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Study Shows Red Flag Laws Might Help Prevent Violence


The recent mass shootings across the country have renewed debate about so-called red flag laws. These are statutes that allow family members or law enforcement officers to ask the judge to remove guns from a person who appears to be at risk to him or herself or to others. A new study presents evidence that such laws may in fact work. The study comes from the non-partisan Violence Prevention Research Program at the University of California, Davis. It zeroed in on how California's red flag law has been used since it took effect in 2016. And the lead author of the study is Garen Wintemute. He's an ER doctor, and he joins me now to talk about the study's findings. Welcome.

GAREN WINTEMUTE: Thanks for having me.

CHANG: So, Garen, can you just break down this study for us? What exactly were you testing to measure whether California's red flag law was successful?

WINTEMUTE: What we have is a series of cases. We are doing a broad evaluation of the extreme risk protection order statute in California.

CHANG: Red flag law.

WINTEMUTE: Correct. We discovered to our surprise that the law was being used with fair frequency in an effort to prevent mass shootings. So we decided to focus on those cases, and we reported 21 of them. We can't prove that the recovery of firearms in most of those cases prevented mass shootings from happening, but we do know firearms were recovered or purchases blocked in most cases and the shootings didn't occur.

CHANG: OK. So what we have here is not definitive proof that red flag laws do indeed work, but we have some anecdotal evidence that show they might be working. Could you give us an example of one or two of these cases you looked at?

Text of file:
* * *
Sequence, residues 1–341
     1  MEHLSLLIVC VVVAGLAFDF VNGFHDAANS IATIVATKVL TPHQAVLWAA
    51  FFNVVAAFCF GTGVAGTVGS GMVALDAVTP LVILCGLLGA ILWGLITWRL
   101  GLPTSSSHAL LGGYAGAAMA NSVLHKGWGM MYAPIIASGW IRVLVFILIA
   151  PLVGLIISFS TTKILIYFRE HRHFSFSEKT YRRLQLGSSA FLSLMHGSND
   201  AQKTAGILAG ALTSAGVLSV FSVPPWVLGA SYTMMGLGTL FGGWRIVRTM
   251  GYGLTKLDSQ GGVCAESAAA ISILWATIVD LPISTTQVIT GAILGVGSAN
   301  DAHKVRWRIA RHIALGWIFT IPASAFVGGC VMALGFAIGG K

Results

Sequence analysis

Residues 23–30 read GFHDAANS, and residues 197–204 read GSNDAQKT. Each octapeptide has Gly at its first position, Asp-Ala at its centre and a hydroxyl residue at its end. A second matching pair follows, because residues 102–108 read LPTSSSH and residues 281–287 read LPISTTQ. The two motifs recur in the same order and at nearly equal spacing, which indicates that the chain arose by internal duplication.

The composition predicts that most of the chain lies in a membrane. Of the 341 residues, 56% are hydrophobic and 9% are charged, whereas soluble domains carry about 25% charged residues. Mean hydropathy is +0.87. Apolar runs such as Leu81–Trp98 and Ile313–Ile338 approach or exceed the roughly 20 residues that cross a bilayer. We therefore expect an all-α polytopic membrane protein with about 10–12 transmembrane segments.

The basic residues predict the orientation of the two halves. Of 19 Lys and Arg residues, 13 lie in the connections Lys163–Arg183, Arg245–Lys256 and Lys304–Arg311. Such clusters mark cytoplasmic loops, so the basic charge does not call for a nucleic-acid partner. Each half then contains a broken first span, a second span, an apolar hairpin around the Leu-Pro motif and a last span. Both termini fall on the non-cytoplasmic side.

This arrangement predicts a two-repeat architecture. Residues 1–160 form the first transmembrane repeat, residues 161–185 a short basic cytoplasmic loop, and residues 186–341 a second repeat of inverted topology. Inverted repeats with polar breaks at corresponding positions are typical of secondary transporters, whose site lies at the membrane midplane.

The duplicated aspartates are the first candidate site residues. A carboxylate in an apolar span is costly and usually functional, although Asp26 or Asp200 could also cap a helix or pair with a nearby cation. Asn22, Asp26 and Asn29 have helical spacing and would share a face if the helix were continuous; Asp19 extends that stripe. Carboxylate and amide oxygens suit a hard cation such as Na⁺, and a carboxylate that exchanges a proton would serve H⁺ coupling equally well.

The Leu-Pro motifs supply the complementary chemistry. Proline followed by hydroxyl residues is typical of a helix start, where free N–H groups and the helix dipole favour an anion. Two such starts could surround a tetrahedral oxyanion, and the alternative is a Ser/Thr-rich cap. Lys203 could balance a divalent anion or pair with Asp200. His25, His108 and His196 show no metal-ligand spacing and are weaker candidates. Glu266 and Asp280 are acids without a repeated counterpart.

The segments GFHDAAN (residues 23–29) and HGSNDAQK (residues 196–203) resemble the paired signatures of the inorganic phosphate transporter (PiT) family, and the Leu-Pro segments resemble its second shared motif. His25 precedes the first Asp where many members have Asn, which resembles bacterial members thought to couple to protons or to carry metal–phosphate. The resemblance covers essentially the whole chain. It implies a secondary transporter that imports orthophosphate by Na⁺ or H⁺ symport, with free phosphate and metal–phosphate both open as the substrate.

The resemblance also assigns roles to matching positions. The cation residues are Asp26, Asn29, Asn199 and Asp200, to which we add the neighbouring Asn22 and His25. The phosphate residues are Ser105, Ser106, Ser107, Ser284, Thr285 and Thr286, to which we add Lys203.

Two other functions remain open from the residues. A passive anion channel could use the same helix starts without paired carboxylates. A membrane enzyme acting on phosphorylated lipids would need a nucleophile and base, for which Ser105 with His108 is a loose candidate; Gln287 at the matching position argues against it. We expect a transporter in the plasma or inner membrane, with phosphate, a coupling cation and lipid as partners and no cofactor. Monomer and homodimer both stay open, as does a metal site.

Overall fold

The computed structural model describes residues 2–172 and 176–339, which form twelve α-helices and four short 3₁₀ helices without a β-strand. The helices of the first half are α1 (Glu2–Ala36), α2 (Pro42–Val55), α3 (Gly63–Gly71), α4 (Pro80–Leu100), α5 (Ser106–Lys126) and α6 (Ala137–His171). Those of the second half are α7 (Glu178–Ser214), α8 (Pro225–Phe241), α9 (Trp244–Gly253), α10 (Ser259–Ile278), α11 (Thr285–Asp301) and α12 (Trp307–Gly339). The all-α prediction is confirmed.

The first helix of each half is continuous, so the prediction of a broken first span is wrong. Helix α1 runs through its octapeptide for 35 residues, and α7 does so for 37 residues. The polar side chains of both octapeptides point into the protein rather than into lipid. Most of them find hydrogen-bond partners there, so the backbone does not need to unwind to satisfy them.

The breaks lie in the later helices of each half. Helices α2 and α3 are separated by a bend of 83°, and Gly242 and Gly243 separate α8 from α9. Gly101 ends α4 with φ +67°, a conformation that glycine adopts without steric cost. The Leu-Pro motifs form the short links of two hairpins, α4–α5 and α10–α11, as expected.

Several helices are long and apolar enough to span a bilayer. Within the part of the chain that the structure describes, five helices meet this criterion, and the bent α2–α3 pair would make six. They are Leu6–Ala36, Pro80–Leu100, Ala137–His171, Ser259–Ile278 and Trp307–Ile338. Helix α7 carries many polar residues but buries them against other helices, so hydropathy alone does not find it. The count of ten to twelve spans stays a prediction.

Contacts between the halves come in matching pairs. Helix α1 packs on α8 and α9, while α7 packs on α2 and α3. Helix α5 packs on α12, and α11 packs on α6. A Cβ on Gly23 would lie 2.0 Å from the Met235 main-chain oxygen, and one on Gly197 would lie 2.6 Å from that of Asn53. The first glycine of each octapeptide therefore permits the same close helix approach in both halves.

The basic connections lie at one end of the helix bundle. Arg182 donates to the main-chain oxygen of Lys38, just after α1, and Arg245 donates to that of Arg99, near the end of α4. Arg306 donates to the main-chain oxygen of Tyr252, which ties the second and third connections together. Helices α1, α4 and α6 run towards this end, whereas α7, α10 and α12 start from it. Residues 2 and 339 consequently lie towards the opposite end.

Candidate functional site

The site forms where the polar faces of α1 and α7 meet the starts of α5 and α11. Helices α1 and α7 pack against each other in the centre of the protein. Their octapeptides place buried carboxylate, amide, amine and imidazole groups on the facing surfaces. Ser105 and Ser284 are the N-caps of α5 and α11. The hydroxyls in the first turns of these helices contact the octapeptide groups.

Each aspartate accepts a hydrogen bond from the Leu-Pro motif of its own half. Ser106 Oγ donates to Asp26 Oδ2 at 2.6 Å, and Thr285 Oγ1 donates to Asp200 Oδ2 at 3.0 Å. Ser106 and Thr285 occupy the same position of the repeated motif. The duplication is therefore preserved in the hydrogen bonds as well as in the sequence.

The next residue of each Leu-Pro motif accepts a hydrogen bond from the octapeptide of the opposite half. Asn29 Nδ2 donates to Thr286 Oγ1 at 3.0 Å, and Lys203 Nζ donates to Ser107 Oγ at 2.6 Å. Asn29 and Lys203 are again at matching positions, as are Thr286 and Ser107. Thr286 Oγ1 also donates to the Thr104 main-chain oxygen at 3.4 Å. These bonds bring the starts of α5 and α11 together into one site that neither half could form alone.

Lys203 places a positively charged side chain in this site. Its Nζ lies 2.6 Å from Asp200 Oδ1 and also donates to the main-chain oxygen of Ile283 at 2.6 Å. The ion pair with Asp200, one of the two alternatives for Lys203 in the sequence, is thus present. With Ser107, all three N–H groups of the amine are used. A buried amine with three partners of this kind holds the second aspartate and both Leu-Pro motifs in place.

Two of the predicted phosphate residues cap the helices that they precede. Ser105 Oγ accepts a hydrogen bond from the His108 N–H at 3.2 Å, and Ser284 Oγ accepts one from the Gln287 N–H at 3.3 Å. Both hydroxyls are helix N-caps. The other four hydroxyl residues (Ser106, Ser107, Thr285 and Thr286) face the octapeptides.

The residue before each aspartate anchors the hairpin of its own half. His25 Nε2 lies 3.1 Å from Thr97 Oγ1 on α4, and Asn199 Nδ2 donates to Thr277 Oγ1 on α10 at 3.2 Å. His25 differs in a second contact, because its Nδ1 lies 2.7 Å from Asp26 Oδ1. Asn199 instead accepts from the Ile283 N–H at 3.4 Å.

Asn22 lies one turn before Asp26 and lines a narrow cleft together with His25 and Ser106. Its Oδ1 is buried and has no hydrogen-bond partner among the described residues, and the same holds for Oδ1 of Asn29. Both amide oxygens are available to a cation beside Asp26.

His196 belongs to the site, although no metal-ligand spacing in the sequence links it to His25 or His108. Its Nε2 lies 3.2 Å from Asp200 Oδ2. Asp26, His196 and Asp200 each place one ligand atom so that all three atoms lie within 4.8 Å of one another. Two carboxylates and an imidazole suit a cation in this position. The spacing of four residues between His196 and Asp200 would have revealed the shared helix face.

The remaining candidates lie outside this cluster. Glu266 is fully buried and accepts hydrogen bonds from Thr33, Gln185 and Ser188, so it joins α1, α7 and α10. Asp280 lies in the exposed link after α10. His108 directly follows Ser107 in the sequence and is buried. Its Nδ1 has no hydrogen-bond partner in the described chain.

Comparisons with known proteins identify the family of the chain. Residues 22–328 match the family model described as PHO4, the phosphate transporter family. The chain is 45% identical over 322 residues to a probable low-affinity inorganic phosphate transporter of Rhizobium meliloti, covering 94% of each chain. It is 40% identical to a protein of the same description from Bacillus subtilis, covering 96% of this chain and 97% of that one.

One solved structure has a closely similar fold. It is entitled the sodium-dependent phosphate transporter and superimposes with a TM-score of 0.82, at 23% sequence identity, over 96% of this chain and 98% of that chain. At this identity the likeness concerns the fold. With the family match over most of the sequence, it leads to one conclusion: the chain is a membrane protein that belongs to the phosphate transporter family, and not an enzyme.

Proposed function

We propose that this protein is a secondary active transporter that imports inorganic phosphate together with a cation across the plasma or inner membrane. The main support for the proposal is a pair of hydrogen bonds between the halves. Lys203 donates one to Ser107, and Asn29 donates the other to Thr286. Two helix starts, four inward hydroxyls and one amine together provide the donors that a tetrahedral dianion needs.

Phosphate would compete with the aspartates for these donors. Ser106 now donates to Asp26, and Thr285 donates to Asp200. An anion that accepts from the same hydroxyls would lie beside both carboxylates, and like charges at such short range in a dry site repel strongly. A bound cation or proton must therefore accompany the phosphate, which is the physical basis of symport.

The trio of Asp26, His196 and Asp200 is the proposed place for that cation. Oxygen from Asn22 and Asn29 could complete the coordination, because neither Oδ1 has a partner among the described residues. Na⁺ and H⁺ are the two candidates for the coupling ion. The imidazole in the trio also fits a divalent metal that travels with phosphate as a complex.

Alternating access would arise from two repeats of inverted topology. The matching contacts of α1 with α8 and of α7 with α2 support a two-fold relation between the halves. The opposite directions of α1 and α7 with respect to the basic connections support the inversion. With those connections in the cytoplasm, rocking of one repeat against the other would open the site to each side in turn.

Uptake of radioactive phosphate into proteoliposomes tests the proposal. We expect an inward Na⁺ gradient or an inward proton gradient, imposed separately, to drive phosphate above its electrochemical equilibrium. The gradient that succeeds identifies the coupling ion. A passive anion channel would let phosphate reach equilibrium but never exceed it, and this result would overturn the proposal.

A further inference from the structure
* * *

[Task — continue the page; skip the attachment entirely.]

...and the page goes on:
WINTEMUTE: Sure. A disgruntled former employee made credible threats to return to his workplace and kill co-workers. One of the employees of that company reported this to law enforcement, who determined that this person had just purchased a 12-gauge shotgun. And our mandatory 10-day waiting period before he could acquire the gun, there were about two days left. So during that time, law enforcement was able to go to a judge who reviewed the evidence, issued a restraining order and the purchase was blocked. So when law enforcement went to the man's house, they found 400 rounds of ammunition for that shotgun.

CHANG: Wow. All right. So that's an example of maybe law enforcement intervening just in time so he couldn't get his hands on a gun that would have been used to perhaps kill his colleagues.

WINTEMUTE: That's exactly right.

CHANG: OK. How about another case?

WINTEMUTE: Sure. A group of children reported a woman had just threatened to shoot them all and had pointed something that looked like a handgun at them. An officer went to the scene and then interviewed the woman, who said, yes, I did make that threat. Here is the mock handgun. I think it was a paper towel roll wrapped in electrician's tape. Here's what I pointed at them, but, officer, there is a real gun, a revolver, under my living room table. The officer contacted a judge, got an emergency restraining order, took possession of the firearm and took the woman into custody for having made the threats. While in custody, she continued to declare quite explicitly her intent to kill those children.

CHANG: Given the challenges of trying to prove the effectiveness of red flag laws definitively, what further research do you think is needed and is feasible?

WINTEMUTE: To bring it down to a simpler level, the country is riveted by these mass shootings. We learned yesterday from a new poll that 25% of the country are changing the way they go about their daily lives because they're concerned about the risk of being a victim of a mass shooting. Some kind of intervention is needed. There is very little risk to this intervention. It might work. We can't prove it, but we as individuals, policymakers, face the obligation to do the best we can with the evidence we have.

CHANG: That's Dr. Garen Wintemute. He's the director of the Violence Prevention Research Program at the University of California, Davis. Thank you very much.

WINTEMUTE: Thanks for having me. Transcript provided by NPR, Copyright NPR.